One weekend a year, nearly a thousand military veterans assemble in a camp in San Diego. What brings them there is what they have in common: they're all homeless. The vets gather for something called "Stand Down," started in 1988 by a solider-turned-clinical psychologist named Jon Nachison and his colleague, Robert van Keuren.
Back then, it was an emergency response to homelessness among Vietnam vets but, 23 years later, Nachison is welcoming the generation from Iraq and Afghanistan.
Stand Down is a three day campout that's part job fair, part health clinic, part sobriety meeting. The name is a military term for the time when a solider can put down his weapon and stop fighting. The homeless go for a shot at redemption.
"60 Minutes" and correspondent Scott Pelley went to Stand Down to understand why so many people who've served their country find coming home so hard.
Correspondent Scott Pelley was skeptical when this story first crossed his desk. Three days at a San Diego camp for homeless veterans changed his mind.
Extra: Helping Veterans
Extra: Back on the Streets
Extra: Homelessness Among Vets
Link: Veterans Village of San Diego
Link: Services for Homeless Vets
It's was a Friday morning in July when Nachison was greeting his troops as they waited in line - homeless vets and their families who had waited all night to get in.
They were literally a battalion, 947 men, women and children.
"When people come in, they're instantly transported back to the military, a time when they wore the uniform, where they were proud, where they were walkin' tall," Nachison told Pelley.
"You want them to remember a time in life when they were proud of themselves," Pelley remarked.
"I wanted to evoke that person in them," Nachison replied.
Nachison does that by putting them inside a military-style base on a San Diego high school athletic field: 30 sleeping tents, erected by Marines from nearby Camp Pendleton.
Also at the campout, there was hot chow, warm showers, clean clothes and fresh hope.
Asked who he can save, Nachison told Pelley, "People can save their self, I can't save anybody."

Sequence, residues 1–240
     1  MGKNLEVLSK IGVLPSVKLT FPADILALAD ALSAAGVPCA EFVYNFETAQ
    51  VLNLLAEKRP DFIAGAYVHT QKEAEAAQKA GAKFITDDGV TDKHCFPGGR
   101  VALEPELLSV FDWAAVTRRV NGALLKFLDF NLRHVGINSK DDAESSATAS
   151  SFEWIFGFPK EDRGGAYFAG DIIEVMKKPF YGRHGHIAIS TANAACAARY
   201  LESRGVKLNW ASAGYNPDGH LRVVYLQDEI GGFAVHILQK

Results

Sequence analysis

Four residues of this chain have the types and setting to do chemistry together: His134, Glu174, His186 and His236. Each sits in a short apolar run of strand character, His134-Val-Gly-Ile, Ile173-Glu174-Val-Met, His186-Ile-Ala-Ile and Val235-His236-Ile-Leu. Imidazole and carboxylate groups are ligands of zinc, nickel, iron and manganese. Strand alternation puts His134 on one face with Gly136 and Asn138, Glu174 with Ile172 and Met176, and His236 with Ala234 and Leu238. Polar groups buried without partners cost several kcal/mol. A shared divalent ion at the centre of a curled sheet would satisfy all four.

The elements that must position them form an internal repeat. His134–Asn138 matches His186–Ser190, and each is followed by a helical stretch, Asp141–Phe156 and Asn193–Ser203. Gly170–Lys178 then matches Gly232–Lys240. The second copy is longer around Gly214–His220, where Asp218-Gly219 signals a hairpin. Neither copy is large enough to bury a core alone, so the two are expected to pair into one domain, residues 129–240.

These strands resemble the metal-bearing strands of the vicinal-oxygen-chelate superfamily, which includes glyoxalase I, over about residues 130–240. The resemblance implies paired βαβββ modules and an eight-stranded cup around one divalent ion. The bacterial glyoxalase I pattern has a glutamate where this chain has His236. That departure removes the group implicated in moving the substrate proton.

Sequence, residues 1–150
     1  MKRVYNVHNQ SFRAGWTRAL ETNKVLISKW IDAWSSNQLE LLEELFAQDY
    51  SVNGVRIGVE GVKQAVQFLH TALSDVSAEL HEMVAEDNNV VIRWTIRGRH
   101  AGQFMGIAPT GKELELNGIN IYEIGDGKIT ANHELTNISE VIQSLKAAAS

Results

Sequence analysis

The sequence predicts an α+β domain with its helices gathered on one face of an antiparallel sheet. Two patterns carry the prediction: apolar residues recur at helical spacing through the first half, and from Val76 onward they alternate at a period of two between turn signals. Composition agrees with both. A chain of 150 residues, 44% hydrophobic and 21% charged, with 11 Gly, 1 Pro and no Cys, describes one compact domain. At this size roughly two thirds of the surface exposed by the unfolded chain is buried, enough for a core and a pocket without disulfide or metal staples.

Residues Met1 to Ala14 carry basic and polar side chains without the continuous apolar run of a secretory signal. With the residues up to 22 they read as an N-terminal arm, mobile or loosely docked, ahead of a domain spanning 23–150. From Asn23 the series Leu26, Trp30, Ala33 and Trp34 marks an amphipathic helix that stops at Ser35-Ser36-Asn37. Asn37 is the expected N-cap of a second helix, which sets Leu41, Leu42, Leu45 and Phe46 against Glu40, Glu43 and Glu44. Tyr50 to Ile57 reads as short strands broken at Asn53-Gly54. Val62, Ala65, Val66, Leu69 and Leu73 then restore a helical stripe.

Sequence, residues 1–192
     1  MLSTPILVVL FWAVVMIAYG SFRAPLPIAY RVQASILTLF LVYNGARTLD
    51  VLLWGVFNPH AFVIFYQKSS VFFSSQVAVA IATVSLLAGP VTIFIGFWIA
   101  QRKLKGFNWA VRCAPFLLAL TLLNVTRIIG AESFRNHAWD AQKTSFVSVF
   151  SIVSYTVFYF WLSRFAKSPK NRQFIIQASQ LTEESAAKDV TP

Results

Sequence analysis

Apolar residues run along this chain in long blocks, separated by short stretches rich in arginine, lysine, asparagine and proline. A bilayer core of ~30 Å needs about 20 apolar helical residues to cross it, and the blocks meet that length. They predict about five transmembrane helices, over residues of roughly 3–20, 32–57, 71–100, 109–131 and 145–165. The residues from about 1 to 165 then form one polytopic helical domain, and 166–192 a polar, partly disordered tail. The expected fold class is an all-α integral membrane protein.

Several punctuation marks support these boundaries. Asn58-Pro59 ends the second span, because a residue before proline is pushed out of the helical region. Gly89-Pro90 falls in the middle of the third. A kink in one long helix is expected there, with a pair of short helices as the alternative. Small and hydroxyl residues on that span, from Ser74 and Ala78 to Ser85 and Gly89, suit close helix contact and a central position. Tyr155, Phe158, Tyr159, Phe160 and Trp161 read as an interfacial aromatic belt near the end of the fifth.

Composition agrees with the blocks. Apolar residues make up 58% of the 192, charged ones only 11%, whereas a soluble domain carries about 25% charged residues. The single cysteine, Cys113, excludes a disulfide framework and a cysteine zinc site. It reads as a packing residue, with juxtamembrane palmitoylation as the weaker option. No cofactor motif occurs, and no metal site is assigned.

"You don't expect a miracle to happen when they came here for three days?" Pelley asked.
"Oh I do," Nachison said. "I do."
The chance at that miracle came with over 3,000 volunteers who helped the vets check into VA (U.S. Department of Veterans Affairs) benefits and look into jobs. There was medical care, dental care and even a temporary municipal court where they could clear tickets for loitering or sleeping on the street.
Why are these people on the street?
"There must be some gap that exists between military service and becoming a civilian," Nachison explained. "You're told what to wear you're given everything and then suddenly you've lost your entire family, you've lost your identity."
"You think some people fall through that gap between military life and civilian life?" Pelley asked.
"And for some people it's a chasm," Nachison said.
It was a chasm for Charles Worley, who served with the Marines in Iraq. He's still in the reserves, subject to being recalled. Based on his clean-shaven appearance, we mistook him for a volunteer until we heard a volunteer coordinator ask him how long he had been homeless.
"A few months, about six," he replied.
Worley left the Marines in 2008 and joined the "Great Recession." Like everyone at Stand Down, he had his service record verified by the VA, then he was assigned to one of the tents that go by the names "Alpha," "Bravo," "Charlie," and so on.
"Delta" tent was Worley's first home in a long time.
The night before he came to Stand Down, he told Pelley he slept in Old Town Park in San Diego.